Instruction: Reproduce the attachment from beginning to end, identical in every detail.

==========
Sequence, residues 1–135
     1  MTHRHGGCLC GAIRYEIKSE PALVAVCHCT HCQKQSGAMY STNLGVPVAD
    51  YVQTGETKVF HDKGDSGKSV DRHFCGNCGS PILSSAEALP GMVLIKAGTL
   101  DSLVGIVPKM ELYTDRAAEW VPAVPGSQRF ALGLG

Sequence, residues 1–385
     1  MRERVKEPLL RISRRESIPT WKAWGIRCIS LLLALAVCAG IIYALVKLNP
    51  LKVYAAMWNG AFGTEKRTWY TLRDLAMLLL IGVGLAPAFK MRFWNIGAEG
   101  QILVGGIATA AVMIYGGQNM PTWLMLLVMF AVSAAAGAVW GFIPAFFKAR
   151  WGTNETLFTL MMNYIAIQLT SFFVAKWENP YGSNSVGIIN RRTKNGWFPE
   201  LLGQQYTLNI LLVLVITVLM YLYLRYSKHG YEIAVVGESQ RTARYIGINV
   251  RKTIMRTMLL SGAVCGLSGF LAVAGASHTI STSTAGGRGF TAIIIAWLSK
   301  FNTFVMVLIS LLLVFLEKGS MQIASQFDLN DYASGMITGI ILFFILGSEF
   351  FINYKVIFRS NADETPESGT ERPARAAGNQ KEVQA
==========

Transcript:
Sequence, residues 1–135
     1  MTHRHGGCLC GAIRYEIKSE PALVAVCHCT HCQKQSGAMY STNLGVPVAD
    51  YVQTGETKVF HDKGDSGKSV DRHFCGNCGS PILSSAEALP GMVLIKAGTL
   101  DSLVGIVPKM ELYTDRAAEW VPAVPGSQRF ALGLG

Sequence, residues 1–385
     1  MRERVKEPLL RISRRESIPT WKAWGIRCIS LLLALAVCAG IIYALVKLNP
    51  LKVYAAMWNG AFGTEKRTWY TLRDLAMLLL IGVGLAPAFK MRFWNIGAEG
   101  QILVGGIATA AVMIYGGQNM PTWLMLLVMF AVSAAAGAVW GFIPAFFKAR
   151  WGTNETLFTL MMNYIAIQLT SFFVAKWENP YGSNSVGIIN RRTKNGWFPE
   201  LLGQQYTLNI LLVLVITVLM YLYLRYSKHG YEIAVVGESQ RTARYIGINV
   251  RKTIMRTMLL SGAVCGLSGF LAVAGASHTI STSTAGGRGF TAIIIAWLSK
   301  FNTFVMVLIS LLLVFLEKGS MQIASQFDLN DYASGMITGI ILFFILGSEF
   351  FINYKVIFRS NADETPESGT ERPARAAGNQ KEVQA